If you are a group of mothers the question "It is better for mothers to work or stay at home?" Ask, you will find some strong opinions. Surprisingly, you will also find that each group is both insecure and proud in its own way.
Working mothers often speak of the guilt of not being there and the pride they have in their work, their identity as working people and their many hats. Mothers who stay at home tell that they feel devalued, but at the same time are proud of their children and their contributions for your Families, schools and communities to invest.
In terms of numbers, working mothers are in the majority. In the United States, 71% of mothers with children who are young enough to live at home have a different job than "mom". And in no less than 40% of households with children, mom is the only one who brings home a paycheck or earns more than her partner.
At the same time, however, more and more mothers stay at home with their children. After a low in 1999, when 23% of mothers stayed at home, trends show that the number of mothers staying at home is increasing.
Although most mothers work, a 2014 Pew Research Center survey found that the majority of Americans (60% to be precise) felt that children were better off with a parent at home all day.
What is the answer? It has turned out that there is a science that supports all mothers – at work or at home. Let’s take a look at each side.
The benefits of mothers staying at home
A 2013 study showed that children benefit academically if one parent stays at home. The study found numbers from Norway that Americans can only dream of: subsidized, high-quality daycare and one year of maternity leave.
In 1998, the Norwegian government launched another drooling program called "Cash for Care", which grants families with children under three a generous payment for deregistration from the national daycare center. Of course, this means that someone should stay with the toddler at home. This could be mom, dad, grandma, or a family friend.
The researchers concentrated on the study not on the toddler but to his older school-age brothers and sisters. Researchers analyzed the 10th grade GPA and found that children in families who drop out of daycare perform better in school. The effect was not great, but significant.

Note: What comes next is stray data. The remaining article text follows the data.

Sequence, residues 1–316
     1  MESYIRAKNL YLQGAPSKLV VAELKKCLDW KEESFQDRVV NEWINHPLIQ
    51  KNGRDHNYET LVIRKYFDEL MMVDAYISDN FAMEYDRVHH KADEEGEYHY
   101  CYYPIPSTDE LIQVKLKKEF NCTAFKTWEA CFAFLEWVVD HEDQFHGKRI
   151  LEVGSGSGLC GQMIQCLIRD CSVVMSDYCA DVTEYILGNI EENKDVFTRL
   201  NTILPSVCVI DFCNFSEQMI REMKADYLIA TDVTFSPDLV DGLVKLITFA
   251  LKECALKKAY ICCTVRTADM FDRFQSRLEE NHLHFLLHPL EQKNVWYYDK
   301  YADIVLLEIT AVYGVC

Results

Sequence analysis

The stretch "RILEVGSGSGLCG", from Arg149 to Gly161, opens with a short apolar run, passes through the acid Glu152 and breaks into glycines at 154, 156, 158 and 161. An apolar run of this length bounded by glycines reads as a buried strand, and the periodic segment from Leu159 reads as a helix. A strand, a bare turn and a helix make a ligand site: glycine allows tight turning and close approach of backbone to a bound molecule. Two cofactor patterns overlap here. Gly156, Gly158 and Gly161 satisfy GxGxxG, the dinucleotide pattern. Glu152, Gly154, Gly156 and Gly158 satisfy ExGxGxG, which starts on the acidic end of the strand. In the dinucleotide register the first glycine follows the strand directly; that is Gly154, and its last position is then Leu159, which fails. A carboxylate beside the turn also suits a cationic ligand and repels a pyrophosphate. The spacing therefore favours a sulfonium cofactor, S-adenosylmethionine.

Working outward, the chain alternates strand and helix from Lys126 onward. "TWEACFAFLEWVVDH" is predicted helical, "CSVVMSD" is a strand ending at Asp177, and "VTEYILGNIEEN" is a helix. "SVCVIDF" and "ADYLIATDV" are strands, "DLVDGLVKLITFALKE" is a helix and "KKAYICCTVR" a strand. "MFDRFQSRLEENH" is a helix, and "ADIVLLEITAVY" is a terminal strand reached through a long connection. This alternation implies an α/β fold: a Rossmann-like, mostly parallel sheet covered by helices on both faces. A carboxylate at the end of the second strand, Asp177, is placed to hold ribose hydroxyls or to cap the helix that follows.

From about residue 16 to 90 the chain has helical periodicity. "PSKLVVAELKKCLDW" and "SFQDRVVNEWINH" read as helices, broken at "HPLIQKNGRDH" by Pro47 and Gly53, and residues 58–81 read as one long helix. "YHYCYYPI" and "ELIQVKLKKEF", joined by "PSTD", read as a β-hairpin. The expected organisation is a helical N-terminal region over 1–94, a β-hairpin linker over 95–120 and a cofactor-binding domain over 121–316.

And when the researchers looked for the causes of the impairment of grades, they concluded that the academic improvements were due to the subset of families in which one parent (mostly mother) left the workforce in response to the payments stay at home.
The benefits of working mothers
A 2014 study showed that it seems to be working better mummy. The researchers found that young mothers who return to work full-time and remain in the workforce after their first baby have a much better health status at age 40 than those who work part-time move into and out of the workforce or stay at home.
But that’s mother – what about the kids? Take part in a new Harvard Business School study that looked at both mothers and children – 50,000 people in 25 countries, to be precise.
The study found that daughters of working mothers stayed longer in school, were more likely to be superiors at work, and made more money than daughters of working mothers. In the United States in particular, daughters of working mothers earned 23% more.
The study found that adult sons of working mothers spent more time doing housework and caring for their own children. In the United States in particular, fathers who had working mothers cared for their own children seven and a half hours more than fathers with mothers who stayed at home.
Overall, women who grew up with a mother who worked worked better in the workplace, and men who grew up with a mother who worked contributed more at home.
But let’s not make it mom against mom. Instead of thinking about the original question: if it is better for mothers to work or stay at home, we should think about it from the children’s perspective.
According to studies, it is not always someone who cares for the children, but the quality of care makes the difference. In fact, it seems that if poor childcare enables mother’s work, it may not be worth it, but if a child is parked at home with mother in front of the television, it won’t work either.
Whether it’s mom, dad, a beloved nanny, a qualified childminder, or a loving grandma, it doesn’t matter if you ensure that your child knows that they are loved, safe, open-minded, and active.
The bottom line is not about the two groups fighting for the title "Mother". In this society, in which motherhood is equally placed on a pedestal and dismissed, we agree that “mother” is one Mrs that makes a contribution – be it economically or domestically or anything in between – to the life of her family and to the well-being of her children.
What do you think of work compared to mothers who stay at home? Post comments on the savvy psychologist’s page.
Cohn, DV, Caumont A. 7 Key Findings About Mothers Who Stay At Home, Pew Research Center. Available at: http://www.pewresearch.org/fact-tank/2014/04/08/7-key-findings-about-stay-at-home-moms.
Wang, W., Parker K., Taylor P. Breadwinner Moms, Pew Research Center. Available at: http://www.pewsocialtrends.org/2013/05/29/breadwinner-moms/
Bettinger, E., Hægeland, T. & Rege, M. (2013). At home with mom: The effects of parents who stay at home on the long-term educational outcomes of children. Discussion Papers No. 739, Statistics Norway, Research Department.
Naughty, A. & Damaske, S. (2012). Relationships between mothers’ commuting and physical and mental health. Journal of Health and Social Behavior, 53, 396-412.
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